Compare any two graphics cards:
Radeon HD 7850 vs Radeon HD 7870
IntroThe Radeon HD 7850 makes use of a 28 nm design. ATi has clocked the core speed at 860 MHz. The GDDR5 memory is set to run at a frequency of 1200 MHz on this specific card. It features 1024 SPUs along with 64 TAUs and 32 Rasterization Operator Units.
Compare that to the Radeon HD 7870, which makes use of a 28 nm design. ATi has set the core speed at 1000 MHz. The GDDR5 memory is set to run at a speed of 1200 MHz on this model. It features 1280 SPUs along with 80 TAUs and 32 Rasterization Operator Units.
(No game benchmarks for this combination yet.)
Power Usage and Theoretical Benchmarks
Power Consumption (Max TDP)
Both cards have exactly the same bandwidth, so theoretically they should have identical performance. (explain)
Texel RateThe Radeon HD 7870 is much (more or less 45%) more effective at texture filtering than the Radeon HD 7850. (explain)
Pixel RateThe Radeon HD 7870 should be a little bit (approximately 16%) faster with regards to full screen anti-aliasing than the Radeon HD 7850, and also capable of handling higher screen resolutions more effectively. (explain)
Please note that the above 'benchmarks' are all just theoretical - the results were calculated based on the card's specifications, and real-world performance may (and probably will) vary at least a bit.
Price ComparisonPlease note that the price comparisons are based on search keywords, and might not be the exact same card listed on this page. We have no control over the accuracy of their search results.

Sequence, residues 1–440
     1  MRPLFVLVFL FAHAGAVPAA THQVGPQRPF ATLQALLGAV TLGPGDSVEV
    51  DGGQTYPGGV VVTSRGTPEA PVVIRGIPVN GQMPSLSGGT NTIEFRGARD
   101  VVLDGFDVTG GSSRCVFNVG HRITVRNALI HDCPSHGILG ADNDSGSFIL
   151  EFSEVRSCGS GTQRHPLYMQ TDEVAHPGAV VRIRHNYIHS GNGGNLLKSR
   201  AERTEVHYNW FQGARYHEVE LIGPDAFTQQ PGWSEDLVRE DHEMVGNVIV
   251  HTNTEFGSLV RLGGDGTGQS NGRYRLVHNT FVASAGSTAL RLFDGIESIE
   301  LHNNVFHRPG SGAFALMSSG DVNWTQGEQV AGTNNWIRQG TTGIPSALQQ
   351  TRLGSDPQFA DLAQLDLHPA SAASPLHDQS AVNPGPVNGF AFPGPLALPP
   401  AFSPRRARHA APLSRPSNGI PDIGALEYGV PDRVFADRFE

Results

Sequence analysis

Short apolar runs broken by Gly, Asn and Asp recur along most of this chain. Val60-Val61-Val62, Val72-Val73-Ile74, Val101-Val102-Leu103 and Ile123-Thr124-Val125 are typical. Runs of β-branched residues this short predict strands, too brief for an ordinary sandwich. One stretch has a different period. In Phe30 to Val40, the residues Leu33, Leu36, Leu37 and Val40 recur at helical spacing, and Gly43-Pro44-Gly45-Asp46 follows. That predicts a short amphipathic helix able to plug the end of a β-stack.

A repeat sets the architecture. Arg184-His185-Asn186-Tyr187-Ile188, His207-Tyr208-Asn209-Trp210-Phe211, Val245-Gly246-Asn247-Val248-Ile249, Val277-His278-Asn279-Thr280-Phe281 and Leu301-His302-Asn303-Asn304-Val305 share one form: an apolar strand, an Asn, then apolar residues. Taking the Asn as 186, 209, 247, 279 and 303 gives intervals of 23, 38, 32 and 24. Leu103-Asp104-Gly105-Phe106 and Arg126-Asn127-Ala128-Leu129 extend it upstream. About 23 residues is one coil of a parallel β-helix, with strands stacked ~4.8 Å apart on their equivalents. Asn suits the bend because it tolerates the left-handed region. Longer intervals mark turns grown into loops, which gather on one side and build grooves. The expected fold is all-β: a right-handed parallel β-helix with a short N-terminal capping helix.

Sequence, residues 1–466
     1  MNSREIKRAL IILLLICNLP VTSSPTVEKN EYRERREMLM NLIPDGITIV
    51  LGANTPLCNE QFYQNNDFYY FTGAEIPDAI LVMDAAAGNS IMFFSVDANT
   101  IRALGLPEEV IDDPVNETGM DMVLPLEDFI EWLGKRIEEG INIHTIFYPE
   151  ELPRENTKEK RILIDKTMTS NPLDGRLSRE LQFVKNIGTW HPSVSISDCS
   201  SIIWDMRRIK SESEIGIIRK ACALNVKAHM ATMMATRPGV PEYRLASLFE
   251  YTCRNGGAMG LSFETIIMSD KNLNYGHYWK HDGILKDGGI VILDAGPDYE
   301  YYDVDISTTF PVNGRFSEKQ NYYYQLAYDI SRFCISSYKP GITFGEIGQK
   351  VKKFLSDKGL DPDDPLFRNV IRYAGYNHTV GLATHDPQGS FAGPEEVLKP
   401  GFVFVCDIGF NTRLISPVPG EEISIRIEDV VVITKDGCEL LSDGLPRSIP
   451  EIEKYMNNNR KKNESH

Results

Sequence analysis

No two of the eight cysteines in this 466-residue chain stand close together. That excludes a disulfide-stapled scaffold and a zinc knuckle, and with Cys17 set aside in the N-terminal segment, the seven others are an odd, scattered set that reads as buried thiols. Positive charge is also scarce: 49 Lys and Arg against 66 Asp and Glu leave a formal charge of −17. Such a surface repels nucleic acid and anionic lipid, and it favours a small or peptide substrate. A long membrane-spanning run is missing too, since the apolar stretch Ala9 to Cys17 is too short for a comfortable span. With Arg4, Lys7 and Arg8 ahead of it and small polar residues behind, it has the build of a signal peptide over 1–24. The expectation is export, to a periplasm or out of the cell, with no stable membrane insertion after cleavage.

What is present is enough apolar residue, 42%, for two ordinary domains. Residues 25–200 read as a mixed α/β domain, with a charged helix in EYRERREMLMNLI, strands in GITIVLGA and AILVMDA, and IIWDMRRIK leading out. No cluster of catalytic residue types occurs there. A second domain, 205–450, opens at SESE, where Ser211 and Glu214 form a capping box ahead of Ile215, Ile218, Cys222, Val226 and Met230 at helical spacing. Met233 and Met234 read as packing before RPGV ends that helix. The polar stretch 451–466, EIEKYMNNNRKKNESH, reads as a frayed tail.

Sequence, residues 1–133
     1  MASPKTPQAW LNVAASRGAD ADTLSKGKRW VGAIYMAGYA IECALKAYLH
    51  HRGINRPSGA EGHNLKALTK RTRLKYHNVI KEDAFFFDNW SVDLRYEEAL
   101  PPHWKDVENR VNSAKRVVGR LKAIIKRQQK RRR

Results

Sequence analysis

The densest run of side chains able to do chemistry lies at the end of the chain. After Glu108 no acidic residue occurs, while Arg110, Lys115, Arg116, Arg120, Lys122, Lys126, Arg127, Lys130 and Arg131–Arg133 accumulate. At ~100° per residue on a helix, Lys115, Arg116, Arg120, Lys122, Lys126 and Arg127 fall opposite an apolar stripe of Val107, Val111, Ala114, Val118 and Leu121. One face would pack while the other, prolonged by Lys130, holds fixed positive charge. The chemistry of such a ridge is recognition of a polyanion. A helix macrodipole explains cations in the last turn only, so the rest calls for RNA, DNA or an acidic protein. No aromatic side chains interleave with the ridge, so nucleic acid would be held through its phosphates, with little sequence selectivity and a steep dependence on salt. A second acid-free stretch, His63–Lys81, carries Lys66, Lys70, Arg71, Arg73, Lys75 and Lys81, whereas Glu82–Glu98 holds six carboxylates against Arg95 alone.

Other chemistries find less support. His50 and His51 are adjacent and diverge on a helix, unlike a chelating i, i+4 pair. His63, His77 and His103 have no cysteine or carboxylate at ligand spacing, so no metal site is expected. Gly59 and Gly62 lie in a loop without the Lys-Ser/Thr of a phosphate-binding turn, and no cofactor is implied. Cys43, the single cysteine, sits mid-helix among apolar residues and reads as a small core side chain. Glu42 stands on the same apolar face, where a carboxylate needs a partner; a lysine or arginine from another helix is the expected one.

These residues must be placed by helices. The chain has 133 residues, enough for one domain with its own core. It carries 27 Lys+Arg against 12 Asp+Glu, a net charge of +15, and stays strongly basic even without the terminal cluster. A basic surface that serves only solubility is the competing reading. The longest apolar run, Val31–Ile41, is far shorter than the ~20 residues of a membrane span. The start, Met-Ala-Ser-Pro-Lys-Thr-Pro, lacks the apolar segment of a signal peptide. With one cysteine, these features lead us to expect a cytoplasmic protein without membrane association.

Memory Bandwidth: Bandwidth is the max amount of data (measured in MB per second) that can be moved over the external memory interface in one second. It's worked out by multiplying the card's interface width by its memory clock speed. In the case of DDR type RAM, the result should be multiplied by 2 again. If it uses DDR5, multiply by 4 instead. The higher the memory bandwidth, the better the card will be in general. It especially helps with anti-aliasing, High Dynamic Range and high resolutions.
Texel Rate: Texel rate is the maximum amount of texture map elements (texels) that can be applied per second. This number is calculated by multiplying the total texture units by the core clock speed of the chip. The better this number, the better the graphics card will be at texture filtering (anisotropic filtering - AF). It is measured in millions of texels processed in one second.
Pixel Rate: Pixel rate is the most pixels the video card can possibly write to its local memory in a second - measured in millions of pixels per second. Pixel rate is worked out by multiplying the number of ROPs by the clock speed of the card. ROPs (Raster Operations Pipelines - also called Render Output Units) are responsible for outputting the pixels (image) to the screen. The actual pixel output rate is also dependant on lots of other factors, especially the memory bandwidth of the card - the lower the memory bandwidth is, the lower the potential to reach the maximum fill rate.